Religious Liberty, Rhode Island Public School

The attack on liberty and religious liberty, in particular, has not stopped with the Obama Administration forcing religious organizations to provide contraceptive coverage to their employees. During this past Christmas, Rhode Island Governor Lincoln Chafee delivered a speech at the Statehouse where he lighted what he called a “holiday tree.” But perhaps the most interesting story comes from Cranston, Rhode Island, where a 16-year old atheist student, Jessica Ahlquist, won a lawsuit to get a prayer removed from the wall of her high school auditorium, where it has hung for 49 years.

Last month, a federal judge decided the prayer’s presence at Cranston West High School was unconstitutional. The city of Cranston will be holding a public hearing next week where officials will decide on whether or not to fight the court order to take down the prayer. The prayer has temporarily been covered with a black sheet.

The people of Cranston, I believe, have inaccurately chosen the reasons for which this court ruling must be fought. They have claimed the prayer is “an important piece of the school’s history.” They have said, “It reflects secular values we hold dear.” Committeeman Frank Lombardi, who voted to keep the prayer up, has said the banner is “traditional and secular in nature.” No, the prayer, which starts “Our Heavenly Father” and ends with “Amen,” is not somehow secular and it also does not need to be changed. The court order must be fought because it is simply not unconstitutional.

Our Founders, of course, wrote and passed the First Amendment limiting Congress “to make no law respecting an establishment of religion, or prohibiting the free exercise thereof.” However, Judge Ronald Lagueux ruled that the banner was unconstitutional because it “violates the guiding principle of government neutrality in religion.” The words of the First Amendment are simple, and it does not enforce government neutrality in religion, but only rejects the establishment of a national religion. A theocracy is not established in the United States if a public school in Rhode Island hangs a banner with a prayer on it.

Further, a theocracy is not established if public schools allow their students to pray or participate in Christmas or Easter assemblies. A national religion is not established if some districts transport parochial students to their religious schools as part of bus route; or if communities want a manager scene on grounds of their town hall or the Ten Commandments at the courthouse.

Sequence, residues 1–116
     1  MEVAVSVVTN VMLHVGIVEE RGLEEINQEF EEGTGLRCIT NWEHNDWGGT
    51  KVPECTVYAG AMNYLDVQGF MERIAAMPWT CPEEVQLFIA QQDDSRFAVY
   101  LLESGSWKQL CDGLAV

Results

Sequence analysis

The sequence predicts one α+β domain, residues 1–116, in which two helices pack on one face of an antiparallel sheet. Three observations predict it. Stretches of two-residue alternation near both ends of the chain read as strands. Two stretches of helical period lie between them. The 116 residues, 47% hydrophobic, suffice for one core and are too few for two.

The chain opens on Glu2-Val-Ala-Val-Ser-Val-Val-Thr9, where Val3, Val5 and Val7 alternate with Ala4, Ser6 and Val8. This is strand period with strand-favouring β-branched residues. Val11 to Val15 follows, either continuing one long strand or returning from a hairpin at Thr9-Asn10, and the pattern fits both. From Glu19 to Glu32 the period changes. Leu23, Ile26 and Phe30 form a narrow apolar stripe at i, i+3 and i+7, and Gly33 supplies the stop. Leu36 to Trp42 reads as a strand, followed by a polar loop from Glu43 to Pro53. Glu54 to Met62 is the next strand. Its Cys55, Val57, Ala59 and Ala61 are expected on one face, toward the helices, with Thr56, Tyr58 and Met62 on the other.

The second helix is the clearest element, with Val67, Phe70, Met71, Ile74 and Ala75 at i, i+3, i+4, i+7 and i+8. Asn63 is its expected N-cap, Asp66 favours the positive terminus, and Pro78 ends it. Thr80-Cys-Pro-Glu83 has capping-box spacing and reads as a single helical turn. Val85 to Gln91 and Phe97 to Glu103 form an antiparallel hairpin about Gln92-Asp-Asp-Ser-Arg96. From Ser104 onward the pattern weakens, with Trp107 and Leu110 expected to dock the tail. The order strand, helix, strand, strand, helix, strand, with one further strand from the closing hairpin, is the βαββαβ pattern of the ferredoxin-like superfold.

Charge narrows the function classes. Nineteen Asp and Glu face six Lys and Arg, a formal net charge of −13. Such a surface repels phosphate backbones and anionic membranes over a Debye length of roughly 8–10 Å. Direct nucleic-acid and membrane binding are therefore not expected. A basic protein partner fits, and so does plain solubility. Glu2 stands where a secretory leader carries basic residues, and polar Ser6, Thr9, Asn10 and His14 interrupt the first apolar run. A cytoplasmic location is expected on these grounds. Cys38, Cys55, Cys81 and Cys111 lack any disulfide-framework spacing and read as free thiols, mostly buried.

In 1985, Chief Justice William Rehnquist explained how “the [First Amendment] Establishment Clause does not require government neutrality between religion and irreligion nor did it prohibit the Federal Government from providing nondiscriminatory aid to religion. There is simply no historical foundation for the proposition that the Framers intended to build a wall of separation.”

The people of Cranston should ask themselves: Does the prayer banner require an individual to change her religious affiliation or even accept God’s existence? Are students required to worship against her beliefs? The answer, of course, is no. But the student Jessica Ahlquist, who filed the lawsuit, has said how uncomfortable the banner makes her feel. So what? I’m uncomfortable with how the government spends tax dollars all the time, but this does not automatically make it unconstitutional.

If the Constitution should prevail, the school banner will remain in the auditorium of Cranston West High School. The students of Cranston West should be allowed to conduct themselves as they wish and express their religious beliefs without justices dictating from the bench which behavior is acceptable respecting religion. We need fewer justices making up new, unjustified readings of the Constitution; this practice has a long history beginning with racist Democrat and Ku Klux Klan member, Supreme Court Justice Hugo Black, who ruled in a majority decision that “no tax in any amount can be levied to support any religious activities [because] the First Amendment has erected a wall between church and state. That wall must be kept high and impregnable.” 

I encourage the people of Cranston not to accept these lies or abandon the Constitution and the vision of the Founders. Teach the children of Cranston West about our great history as the most religious and tolerant people in the world. Or, renounce the founding documents and accept the court orders of acceptable behavior. University of Dallas professor Thomas West has rightfully identified how “The Supreme Court will allow the theology of the Declaration to be taught in the classroom as long as it is understood that it belongs to a world that is dead and gone.” His Excellency, President George Washington, warned us in his Farewell Address, “Of all the dispositions and habits which lead to political prosperity, religion and morality are indispensible results.” The Founders risked their lives, their fortunes and their honor so that we can have religious liberty. We should start acting more like it.

–David Rufful